Tomahawks and war.

Tomahawk tucked in his belt, Spencer Tracy convinces his greatly outnumbered troops that to avoid a hostile Indian camp, they need to take their heavy rowboats out of the water and drag them over a mountain. Playing Robert Rogers in Northwest Passage, Tracy captures the can-do attitude and work ethic that remains a part of the armed forces today.

In 1756, Rogers created a military unit named Rogers’ Rangers who quickly built a highly successful but unorthodox reputation. They followed a rigid creed and used methods the British considered unconventional. Like today’s military special forces, the men wore camouflage outfits and practiced bold small unit tactics. But those are not the only similarities. Like Rogers’ Rangers, modern Special Forces soldiers carry tomahawks.

Today, select forces in Afghanistan and Iraq carry tomahawks as a special entry tool because it can quickly open mud-wood structures or break windows to make shooting positions. September’s Blade Magazine carries an interesting article showcasing seven companies that manufacture and supply tomahawks for military use. So why didn’t we know the tomahawk was back in use? According to Justin Gingrich, a military-to-civilian liaison for the Ranger Training Brigade at Fort Benning, Georgia, the last time tomahawks were used was during the Vietnam War. Army Rangers and other special units carried them but were not allowed to bring them home after the war. “The government thought it would be too barbaric or brutal to show the tomahawks,” says Gingrich. Perhaps that is a bit of a disservice to a tool has seen service for over 300 years and gives the user a set of all-in-one choices. It can be used for climbing, digging, chopping, and cutting not to mention its usefulness as a throwing weapon or for hand-to-hand combat. Ryan Johnson’s Eagle Talon appears to go one step farther. Its one piece design gives it the capability of breaking through locks, doors or even cinder blocks and is standard issue for the 1st Batalion, 4th Marine Regiment in Iraq.

On his RMJ Forge website, Ryan Johnson details an interesting philosophy that drove him to design his first tactical tomahawk for the armed forces. “I started off making a tactical version. . .forged alloy steel head, Micarta handle…the original design with modern day materials,” said Johnson. “Then I read something that changed my outlook on this type of design forever. At the time I was reading Ayn Rand’s The Fountainhead. Rand has character Howard Roark discussing architecture and design. He noted how people built wooden buildings. Then people made copies of those wooden buildings in stone. Then people made copies of the stone buildings in concrete and steel. They were using the same old designs with new materials. Why not, he suggested, develop new designs that took advantage of the new material properties and technologies?” As a result Johnson created three design laws based on lines and features that worked will in battles past but also integrated new ideas. For example, Johnson’s Eagle Talon is a full tang tomahawk. To break the handle, you have to break the steel. The handle is ovalized and skeletonized to improve grip and the handles can be removed and replaced with simple Philips screw driver. The steel has been parkerized which resists rusting even when scratched because, as Johnson states, “If it was good enough for 6 million M-1’s, it’s good enough for me.” Johnson’s second design law sums it up—“Always take past and present battlefield conditions into consideration, and appropriately utilize both old and new materials in the best way possible to meet these conditions.” Following that idea, the Eagle Talon appears to have been earning its place in Afghanistan as an indispensable tool.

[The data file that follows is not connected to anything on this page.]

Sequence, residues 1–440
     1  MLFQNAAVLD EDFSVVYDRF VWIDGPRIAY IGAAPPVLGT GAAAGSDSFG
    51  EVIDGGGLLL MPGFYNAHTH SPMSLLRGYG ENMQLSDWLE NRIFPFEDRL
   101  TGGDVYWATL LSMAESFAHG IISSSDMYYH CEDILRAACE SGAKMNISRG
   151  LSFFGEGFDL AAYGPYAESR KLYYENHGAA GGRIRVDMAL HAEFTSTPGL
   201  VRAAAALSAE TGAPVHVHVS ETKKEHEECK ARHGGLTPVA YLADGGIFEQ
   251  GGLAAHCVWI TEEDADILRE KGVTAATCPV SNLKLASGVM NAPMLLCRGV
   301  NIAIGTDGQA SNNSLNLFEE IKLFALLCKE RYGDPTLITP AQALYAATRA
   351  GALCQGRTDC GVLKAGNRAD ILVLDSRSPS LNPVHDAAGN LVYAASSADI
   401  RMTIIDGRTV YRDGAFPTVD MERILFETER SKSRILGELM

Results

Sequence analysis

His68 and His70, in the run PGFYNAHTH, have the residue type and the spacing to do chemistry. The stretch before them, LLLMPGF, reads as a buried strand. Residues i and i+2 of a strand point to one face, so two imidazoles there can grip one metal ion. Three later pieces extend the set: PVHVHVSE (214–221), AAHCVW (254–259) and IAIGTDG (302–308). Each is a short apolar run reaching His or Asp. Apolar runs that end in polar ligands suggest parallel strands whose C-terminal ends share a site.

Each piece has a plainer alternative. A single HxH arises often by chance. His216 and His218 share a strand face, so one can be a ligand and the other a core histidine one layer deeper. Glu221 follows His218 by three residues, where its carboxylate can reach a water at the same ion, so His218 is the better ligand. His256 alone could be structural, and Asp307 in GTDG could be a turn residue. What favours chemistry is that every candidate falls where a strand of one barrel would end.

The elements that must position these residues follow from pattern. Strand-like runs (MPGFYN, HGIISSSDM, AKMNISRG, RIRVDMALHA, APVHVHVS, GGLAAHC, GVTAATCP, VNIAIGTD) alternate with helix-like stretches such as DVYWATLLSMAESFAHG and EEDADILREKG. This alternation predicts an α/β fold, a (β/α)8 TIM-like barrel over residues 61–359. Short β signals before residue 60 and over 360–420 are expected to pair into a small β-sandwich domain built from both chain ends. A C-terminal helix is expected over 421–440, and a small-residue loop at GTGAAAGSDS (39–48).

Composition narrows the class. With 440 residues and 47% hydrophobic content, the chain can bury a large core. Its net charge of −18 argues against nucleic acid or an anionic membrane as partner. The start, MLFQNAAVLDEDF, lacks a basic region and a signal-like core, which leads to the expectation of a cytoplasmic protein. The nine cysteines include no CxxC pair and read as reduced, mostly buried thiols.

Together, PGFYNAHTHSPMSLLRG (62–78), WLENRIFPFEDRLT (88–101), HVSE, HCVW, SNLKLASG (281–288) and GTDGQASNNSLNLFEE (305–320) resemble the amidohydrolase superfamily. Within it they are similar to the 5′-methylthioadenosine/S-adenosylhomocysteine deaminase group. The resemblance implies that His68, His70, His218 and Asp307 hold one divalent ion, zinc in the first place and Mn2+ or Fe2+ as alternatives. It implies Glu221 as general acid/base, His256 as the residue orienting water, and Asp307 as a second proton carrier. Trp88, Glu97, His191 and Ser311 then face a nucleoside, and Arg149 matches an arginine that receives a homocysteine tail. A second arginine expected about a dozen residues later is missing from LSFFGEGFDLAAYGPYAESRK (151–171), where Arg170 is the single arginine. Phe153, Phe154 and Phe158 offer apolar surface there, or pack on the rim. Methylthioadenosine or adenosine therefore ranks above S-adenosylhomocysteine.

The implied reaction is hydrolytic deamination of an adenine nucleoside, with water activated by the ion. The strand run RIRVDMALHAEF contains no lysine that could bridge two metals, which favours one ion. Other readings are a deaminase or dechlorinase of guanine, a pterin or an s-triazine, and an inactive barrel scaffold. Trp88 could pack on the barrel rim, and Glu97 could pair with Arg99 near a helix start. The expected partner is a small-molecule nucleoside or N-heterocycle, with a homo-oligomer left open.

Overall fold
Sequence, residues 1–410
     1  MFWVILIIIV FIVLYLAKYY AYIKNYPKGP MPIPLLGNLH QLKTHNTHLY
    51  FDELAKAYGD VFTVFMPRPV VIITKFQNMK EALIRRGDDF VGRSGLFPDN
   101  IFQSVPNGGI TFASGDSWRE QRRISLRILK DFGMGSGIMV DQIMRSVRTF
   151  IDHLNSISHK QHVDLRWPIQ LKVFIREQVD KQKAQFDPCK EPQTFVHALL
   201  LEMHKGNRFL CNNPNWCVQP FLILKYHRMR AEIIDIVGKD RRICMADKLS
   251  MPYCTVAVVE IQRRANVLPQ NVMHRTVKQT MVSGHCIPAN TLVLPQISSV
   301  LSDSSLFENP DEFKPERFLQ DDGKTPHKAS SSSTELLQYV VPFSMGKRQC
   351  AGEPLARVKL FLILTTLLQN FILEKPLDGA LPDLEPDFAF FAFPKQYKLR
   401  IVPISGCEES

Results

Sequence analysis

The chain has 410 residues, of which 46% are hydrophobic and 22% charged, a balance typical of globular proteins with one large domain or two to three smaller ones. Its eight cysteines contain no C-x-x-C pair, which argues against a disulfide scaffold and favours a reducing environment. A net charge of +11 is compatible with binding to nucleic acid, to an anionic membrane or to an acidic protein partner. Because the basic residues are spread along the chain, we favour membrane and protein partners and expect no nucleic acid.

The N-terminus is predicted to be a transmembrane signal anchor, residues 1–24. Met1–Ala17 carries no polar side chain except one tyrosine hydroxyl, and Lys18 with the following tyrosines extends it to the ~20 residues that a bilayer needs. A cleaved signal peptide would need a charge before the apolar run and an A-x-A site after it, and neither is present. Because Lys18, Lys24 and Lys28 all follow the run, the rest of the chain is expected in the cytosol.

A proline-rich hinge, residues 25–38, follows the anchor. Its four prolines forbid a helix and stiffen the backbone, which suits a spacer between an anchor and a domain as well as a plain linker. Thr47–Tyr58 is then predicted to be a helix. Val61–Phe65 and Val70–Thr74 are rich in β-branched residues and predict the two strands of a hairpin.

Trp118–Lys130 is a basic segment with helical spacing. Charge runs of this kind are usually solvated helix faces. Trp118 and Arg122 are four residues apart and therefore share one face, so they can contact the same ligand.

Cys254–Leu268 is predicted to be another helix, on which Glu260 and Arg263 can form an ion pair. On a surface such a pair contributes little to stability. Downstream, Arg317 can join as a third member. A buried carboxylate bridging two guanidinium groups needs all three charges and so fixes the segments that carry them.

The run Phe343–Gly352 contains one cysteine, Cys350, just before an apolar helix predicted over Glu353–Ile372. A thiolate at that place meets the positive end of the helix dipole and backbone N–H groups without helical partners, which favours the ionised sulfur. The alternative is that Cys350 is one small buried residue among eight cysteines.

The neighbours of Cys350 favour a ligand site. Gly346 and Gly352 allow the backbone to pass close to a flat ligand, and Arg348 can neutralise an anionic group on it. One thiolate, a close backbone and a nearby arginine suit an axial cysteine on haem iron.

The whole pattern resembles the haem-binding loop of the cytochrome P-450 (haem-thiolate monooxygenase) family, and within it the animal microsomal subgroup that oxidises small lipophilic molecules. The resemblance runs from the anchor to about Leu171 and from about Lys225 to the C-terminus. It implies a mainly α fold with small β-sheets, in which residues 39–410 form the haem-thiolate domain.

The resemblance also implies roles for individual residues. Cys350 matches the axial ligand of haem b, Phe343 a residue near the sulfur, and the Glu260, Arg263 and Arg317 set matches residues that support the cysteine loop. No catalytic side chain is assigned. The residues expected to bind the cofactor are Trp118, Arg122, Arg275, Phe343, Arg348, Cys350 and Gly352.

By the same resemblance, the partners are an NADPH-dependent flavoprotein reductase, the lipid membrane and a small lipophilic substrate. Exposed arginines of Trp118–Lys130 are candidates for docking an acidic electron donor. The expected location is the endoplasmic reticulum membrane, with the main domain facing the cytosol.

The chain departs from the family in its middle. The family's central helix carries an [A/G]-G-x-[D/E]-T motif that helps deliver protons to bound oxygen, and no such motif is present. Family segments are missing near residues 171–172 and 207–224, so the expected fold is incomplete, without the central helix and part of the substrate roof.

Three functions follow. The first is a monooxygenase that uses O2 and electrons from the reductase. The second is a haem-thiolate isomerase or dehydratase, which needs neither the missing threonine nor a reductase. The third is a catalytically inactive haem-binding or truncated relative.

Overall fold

There appears to be a variety of tomahawks and axes that are being made available to the armed forces. Strider manufactures an axe with an electrically insulated handle that has been used to hack holes into walls for snipers. Cold Steel’s Vietnam Tomahawk, with its hickory handle, looks has if it belongs in the hands of Robert Rogers as it bears a traditional configuration while many of the other designs have embraced a more modern-techno look. John Greco has created an axe, the Hatch-It, that is carried by the Special Forces troops in Afghanistan and is so compact it will fit in a uniform cargo pocket. TOPS’S OX-06 appears to be very popular in Afghanistan partially because of its hardy construction and partially because its design is less dramatic that a tomahawk making it easier acquire authorization when a new tool is requisitioned. Perhaps the angriest looking tomahawks are those from American Tomahawk Corporation (ATC). ATC’s CQC-T has been issued to the 19th Special Forces Group in Iraq and the Stryker Brigade in Afghanistan. ATC’s LaGana Tactical Tomahawk (VTAC) is carried by the 172nd Stryker Brigade at Fort Richardson and the 3rd Brigade, 2nd Infantry Division, Fort Lewis. The VTAC are used by all battalions of the 75th Ranger regiment as a rescue-and-vehicle extraction tool. All of these modern military issue tomahawks have one thing in common—their all business. There’s a good bet Robert Rogers would have approved.

© 2005 - Randy (Ransom) Price. Sarasota Florida Knife Collectors Club

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